The Polish Act on open data and re-use of public sector information of August 11, 2021 defines the principles of data openness, the rules and procedure for sharing and transferring public sector information for re-use and entities that provide or transfer this information, as provided for in Art. 1 of this Act. Notwithstanding the fact that this act implements Directive (EU) 2019/1024 of the European Parliament and of the Council of June 20, 2019 on open data and re-use of public sector information into the Polish legal order (Journal of Laws EU. L. of 2019, No. 172, item 56), these provisions were introduced into the Polish legal order to increase the amount of public data that can be used, for example, to conduct analyses, research or for the purposes of artificial intelligence solutions, including for business and industry or crisis modelling.
The act replaced the previous act on re-use of public sector information of 25 February 2016. The scope of the subject matter of the act includes above all the rules of free sharing of information from the public sector, with specified exceptions as well as the mode and manners of transferring such information for re-use, modified rules for sharing information for state museums, self-government museums, public libraries, research libraries, pedagogical libraries and archives, rules and procedure for sharing research data produced or collected as part of scientific activities financed from public funds and re-use of public sector information, in particular having the characteristics of a work or the subject of related rights.
Undoubtedly, “online intermediation services” is an increasingly popular key term in Polish and EU legislation, which has recently been enriched with the Regulation of the European Parliament and of the Council on the single market for digital services (Digital Services Act) and amending Directive 2000/31/EC, which in this issue is of significant importance within the framework of the so-called new “Internet Constitution” created in the European Union as part of the Digital Single Market policy.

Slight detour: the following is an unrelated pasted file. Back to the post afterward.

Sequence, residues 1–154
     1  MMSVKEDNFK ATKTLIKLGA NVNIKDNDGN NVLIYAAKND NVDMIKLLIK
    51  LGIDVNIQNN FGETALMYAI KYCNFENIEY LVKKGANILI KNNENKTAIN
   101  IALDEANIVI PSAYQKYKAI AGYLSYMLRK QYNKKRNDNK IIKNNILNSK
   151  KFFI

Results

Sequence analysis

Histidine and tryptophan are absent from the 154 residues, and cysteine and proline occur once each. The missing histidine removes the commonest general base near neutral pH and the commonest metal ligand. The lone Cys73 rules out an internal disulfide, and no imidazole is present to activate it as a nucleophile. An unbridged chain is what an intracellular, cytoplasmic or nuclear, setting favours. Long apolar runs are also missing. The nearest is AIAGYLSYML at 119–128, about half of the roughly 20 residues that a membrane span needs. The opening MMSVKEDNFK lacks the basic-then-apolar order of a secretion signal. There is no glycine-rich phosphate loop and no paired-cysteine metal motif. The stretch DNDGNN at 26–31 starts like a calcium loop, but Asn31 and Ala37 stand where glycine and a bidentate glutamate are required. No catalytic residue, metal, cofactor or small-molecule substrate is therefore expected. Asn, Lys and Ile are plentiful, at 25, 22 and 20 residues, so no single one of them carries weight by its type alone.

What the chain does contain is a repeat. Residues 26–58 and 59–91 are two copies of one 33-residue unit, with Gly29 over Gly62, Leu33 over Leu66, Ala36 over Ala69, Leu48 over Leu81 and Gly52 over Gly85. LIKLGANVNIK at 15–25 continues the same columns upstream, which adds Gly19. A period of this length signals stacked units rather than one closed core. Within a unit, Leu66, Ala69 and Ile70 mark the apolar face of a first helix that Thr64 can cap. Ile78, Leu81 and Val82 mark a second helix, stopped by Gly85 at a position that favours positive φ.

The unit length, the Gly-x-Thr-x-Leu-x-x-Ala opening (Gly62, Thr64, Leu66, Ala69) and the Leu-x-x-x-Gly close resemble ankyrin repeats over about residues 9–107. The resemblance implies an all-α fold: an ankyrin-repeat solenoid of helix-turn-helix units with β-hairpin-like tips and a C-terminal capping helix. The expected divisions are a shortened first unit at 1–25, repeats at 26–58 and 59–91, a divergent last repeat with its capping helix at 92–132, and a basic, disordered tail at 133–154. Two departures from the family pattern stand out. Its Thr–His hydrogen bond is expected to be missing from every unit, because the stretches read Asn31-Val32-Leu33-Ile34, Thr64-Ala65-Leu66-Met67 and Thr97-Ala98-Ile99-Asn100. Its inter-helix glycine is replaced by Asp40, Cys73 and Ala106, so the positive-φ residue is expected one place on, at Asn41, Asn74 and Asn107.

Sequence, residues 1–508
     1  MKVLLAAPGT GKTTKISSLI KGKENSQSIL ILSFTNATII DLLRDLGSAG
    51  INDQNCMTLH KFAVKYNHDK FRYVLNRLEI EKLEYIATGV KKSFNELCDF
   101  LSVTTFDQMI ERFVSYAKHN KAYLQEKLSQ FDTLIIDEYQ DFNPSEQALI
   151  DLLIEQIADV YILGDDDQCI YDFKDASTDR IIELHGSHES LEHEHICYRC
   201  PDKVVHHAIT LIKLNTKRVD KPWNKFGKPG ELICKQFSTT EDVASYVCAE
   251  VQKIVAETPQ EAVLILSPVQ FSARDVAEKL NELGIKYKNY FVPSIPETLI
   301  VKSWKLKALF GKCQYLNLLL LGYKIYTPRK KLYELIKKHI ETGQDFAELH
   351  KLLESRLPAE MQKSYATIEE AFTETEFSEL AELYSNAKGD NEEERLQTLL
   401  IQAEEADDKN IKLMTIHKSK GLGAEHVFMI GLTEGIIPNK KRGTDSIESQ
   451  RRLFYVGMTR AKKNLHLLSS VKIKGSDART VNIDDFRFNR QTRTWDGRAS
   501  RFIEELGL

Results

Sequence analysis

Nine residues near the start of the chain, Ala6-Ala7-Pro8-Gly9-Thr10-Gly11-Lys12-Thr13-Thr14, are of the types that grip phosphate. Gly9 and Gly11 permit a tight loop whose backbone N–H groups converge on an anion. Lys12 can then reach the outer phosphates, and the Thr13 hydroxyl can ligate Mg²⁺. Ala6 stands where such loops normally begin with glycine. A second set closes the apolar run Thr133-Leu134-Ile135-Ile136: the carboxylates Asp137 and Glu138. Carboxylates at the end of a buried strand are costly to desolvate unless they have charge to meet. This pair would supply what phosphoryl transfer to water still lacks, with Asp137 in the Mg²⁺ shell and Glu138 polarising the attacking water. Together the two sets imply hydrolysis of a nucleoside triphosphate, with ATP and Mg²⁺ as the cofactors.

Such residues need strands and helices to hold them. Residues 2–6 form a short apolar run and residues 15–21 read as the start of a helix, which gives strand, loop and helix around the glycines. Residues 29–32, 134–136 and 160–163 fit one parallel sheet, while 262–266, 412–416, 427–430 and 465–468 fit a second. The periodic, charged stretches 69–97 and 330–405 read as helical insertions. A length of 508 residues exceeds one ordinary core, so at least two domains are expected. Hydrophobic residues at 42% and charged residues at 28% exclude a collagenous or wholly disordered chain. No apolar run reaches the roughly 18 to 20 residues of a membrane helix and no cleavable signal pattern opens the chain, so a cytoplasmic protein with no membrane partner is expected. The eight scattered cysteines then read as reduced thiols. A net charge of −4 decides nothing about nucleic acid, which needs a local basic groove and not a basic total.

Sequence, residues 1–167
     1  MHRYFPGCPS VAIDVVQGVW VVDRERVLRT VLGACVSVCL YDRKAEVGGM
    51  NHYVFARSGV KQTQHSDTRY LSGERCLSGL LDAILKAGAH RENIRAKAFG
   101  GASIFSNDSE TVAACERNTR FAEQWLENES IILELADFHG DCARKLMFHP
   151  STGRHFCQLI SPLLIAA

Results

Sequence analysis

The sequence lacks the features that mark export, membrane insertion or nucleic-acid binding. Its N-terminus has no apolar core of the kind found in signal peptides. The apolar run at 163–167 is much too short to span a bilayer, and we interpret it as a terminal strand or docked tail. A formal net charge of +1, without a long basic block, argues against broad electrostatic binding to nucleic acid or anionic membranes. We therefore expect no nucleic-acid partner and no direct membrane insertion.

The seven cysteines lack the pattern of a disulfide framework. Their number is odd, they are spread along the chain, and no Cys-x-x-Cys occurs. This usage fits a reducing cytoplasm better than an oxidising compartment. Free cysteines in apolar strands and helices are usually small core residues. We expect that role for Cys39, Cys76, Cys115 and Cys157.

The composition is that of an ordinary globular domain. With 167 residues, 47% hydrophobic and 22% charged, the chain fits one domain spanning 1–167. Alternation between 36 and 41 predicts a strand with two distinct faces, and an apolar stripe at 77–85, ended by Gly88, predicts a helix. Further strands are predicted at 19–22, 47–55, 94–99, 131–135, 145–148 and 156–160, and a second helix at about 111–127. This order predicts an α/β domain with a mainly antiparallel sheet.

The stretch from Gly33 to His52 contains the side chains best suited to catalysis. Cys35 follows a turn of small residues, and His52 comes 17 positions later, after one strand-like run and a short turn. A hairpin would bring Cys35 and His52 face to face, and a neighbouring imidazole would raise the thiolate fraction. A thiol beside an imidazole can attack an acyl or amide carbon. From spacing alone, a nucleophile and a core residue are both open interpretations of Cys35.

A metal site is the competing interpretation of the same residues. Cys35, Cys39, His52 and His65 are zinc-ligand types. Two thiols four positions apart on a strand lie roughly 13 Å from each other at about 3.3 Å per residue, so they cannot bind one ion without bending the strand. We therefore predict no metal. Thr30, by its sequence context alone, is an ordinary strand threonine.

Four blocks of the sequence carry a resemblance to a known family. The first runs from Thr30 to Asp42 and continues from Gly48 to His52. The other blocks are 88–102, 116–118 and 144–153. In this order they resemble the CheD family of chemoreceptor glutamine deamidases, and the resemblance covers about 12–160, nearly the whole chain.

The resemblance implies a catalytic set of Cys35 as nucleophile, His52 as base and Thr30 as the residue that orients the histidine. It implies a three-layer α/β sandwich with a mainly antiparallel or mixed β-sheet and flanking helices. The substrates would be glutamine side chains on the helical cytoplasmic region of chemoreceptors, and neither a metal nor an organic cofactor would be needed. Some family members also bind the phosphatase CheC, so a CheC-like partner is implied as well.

The term “intermediary services” can be colloquially understood as Internet services, in the form of a website, used to mediate between the entrepreneur and the consumer.
In the current legal status, from the perspective of copyright issues, Polish regulations do not provide for specific provisions on fair use in the form of text and data mining for commercial purposes. The Polish legislator is currently working on the implementation of Article 4 of Directive 2019/790 on copyright and related rights in the digital single market. The following article presents the legal definition and problems of understanding at the statutory level of the legal terms ‘text and data mining’ and the data mining techniques related to this process.
New important regulations for text and data mining, including data extraction for business and commercial purposes